>> not on my macbook keyboard. I would like to be able to add an extra
        >> mode for browsing through files (switching windows, buffers and
        >> scrolling). But modes seem to be hard-coded in vim.
        >>
        >> Questions: can I add modes? If not: is there a good reason for that?
        >> If not: is there any chance of it being implemented?
        >
        > The default window navigation commands are a bit tedious, I mapped CTRL-JKHL to
        > go to the window in that direction:
        > nnoremap<C-j> <C-w>j
        > etc.

        The problem with that is that you're "masking" existing (and useful)
        functions. For instance, I constantly use Ctrl-K as the digraph prefix
        (the option to use X <BS> Y instead of <C-K> X Y is more trouble than it
        is useful IMO); Ctrl-L is the "redraw" key, very useful when something
        goes "half wrong", and so forth.

        > If CTRL isn't placed convenient, you can also use ALT/META.

        and Alt/Meta means "set the high bit" which means that it conflicts with
        accented letters -- even in English (as spelled by the Oxford
        Dictionary), words like risqué, résumé (as in "summary" or "curricumum
        vitæ", not "continue after a halt"), garçon, señorita, and others, are
        written with such accented letters -- yeah, I know they are "foreign
        words" which haven't yet fully "made their way" into the language, but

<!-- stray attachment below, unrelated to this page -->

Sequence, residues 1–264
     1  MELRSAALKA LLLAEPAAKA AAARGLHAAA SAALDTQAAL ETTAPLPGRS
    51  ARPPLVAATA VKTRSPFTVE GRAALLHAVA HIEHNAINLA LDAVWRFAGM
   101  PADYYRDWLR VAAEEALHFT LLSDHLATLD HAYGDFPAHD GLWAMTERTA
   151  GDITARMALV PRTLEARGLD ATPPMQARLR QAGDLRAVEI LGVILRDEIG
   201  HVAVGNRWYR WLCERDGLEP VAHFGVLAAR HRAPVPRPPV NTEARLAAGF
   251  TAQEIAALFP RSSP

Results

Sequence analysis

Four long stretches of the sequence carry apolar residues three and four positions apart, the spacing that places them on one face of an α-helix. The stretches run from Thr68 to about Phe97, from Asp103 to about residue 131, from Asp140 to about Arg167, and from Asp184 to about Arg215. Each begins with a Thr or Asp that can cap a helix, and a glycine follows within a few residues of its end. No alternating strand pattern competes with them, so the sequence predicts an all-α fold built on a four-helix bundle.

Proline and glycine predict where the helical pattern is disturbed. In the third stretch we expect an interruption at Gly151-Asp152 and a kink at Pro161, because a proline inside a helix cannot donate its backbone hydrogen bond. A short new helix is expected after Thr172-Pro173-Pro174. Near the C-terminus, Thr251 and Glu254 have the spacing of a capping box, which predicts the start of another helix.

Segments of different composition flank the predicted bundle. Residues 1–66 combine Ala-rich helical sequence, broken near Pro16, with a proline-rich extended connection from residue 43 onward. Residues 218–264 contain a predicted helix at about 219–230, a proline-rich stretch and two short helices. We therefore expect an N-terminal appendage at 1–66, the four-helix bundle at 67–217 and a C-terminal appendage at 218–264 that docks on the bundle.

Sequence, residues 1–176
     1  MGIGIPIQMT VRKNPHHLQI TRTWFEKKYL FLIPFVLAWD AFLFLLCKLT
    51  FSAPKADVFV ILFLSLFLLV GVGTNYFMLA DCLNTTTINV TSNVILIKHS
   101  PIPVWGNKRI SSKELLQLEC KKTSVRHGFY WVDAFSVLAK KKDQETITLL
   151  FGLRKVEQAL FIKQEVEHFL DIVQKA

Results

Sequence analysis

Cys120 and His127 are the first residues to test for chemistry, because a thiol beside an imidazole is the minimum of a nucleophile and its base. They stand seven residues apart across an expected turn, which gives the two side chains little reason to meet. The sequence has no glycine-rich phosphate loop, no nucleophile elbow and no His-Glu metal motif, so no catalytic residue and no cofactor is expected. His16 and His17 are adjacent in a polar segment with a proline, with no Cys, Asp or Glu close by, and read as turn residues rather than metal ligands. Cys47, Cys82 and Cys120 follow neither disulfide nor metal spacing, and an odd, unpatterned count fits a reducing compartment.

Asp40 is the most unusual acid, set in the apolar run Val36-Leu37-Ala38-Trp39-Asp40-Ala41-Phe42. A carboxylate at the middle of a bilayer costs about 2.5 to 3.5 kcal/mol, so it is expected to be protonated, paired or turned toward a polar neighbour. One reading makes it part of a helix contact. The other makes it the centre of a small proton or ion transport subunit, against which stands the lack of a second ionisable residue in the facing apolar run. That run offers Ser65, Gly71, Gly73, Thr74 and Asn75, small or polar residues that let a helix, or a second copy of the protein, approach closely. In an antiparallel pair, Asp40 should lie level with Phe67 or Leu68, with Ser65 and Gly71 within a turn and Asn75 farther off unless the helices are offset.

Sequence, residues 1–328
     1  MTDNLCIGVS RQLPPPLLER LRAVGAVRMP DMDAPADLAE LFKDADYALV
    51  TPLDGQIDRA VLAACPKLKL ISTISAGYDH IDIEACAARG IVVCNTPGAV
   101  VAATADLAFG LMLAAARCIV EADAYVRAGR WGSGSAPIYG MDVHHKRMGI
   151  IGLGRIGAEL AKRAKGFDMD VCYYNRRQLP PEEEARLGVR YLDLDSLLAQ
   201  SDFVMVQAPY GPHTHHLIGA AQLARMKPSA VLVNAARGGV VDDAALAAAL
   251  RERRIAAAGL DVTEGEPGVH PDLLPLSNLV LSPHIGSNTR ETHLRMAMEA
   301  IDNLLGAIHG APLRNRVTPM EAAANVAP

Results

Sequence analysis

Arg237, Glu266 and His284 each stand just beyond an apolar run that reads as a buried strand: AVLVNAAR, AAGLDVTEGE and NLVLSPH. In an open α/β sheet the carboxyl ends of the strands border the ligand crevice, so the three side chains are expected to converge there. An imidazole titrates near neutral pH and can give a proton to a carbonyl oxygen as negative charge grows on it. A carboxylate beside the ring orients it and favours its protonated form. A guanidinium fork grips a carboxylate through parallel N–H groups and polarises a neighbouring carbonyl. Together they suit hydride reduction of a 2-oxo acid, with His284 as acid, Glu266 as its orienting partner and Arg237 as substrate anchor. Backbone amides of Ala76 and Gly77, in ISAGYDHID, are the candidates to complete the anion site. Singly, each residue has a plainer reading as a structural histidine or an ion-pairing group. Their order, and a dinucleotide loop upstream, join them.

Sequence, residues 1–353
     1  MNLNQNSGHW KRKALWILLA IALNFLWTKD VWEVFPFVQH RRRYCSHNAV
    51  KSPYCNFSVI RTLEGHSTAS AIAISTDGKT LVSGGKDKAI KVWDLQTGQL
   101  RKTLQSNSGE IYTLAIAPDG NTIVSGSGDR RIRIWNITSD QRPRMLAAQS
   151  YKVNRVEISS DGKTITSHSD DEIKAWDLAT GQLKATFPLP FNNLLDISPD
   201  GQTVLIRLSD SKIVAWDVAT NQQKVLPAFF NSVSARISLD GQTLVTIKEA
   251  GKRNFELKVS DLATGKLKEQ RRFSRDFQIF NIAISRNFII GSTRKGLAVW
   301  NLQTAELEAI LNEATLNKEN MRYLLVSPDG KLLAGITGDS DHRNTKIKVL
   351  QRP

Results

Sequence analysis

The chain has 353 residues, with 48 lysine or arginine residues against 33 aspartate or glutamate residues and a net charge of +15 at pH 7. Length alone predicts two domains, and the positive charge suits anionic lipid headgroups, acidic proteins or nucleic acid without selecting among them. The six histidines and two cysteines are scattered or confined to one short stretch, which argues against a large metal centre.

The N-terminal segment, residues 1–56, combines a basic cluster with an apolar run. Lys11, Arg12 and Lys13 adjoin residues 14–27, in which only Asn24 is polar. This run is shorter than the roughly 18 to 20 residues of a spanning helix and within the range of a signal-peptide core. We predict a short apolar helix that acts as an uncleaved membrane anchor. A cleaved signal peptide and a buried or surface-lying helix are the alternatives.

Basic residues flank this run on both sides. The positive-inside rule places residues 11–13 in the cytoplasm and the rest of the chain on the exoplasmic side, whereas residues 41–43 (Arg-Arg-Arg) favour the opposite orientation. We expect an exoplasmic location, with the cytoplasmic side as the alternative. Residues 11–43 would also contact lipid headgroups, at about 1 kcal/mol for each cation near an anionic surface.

if you map Alt-i to something you'll get a bad surprise if someday you
        want to write the word risqué the way it ought to be written. To Vim,
        é-acute and Alt-i are undistinguishable from each other.

        >
        > -- regards, ingo

        Best regards,
        Tony.
        --
        hundred-and-one symptoms of being an internet addict:
        72. Somebody at IRC just mentioned a way to obtain full motion video without
        a PC using a wireless protocol called NTSC, you wonder how you never
        heard about it



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      • James Vega
        ... That s in insert mode not normal mode. Therefore, not a conflict. ... I find that doing :syn sync fromstart is usually a better fix. only fixes
        Message 3 of 16 , Jul 13, 2009
          On Tue, Jul 14, 2009 at 12:46:37AM +0200, Tony Mechelynck wrote:
          >
          > On 13/07/09 18:08, Ingo Karkat wrote:
          > > The default window navigation commands are a bit tedious, I mapped CTRL-JKHL to
          > > go to the window in that direction:
          > > nnoremap<C-j> <C-w>j
          > > etc.
          >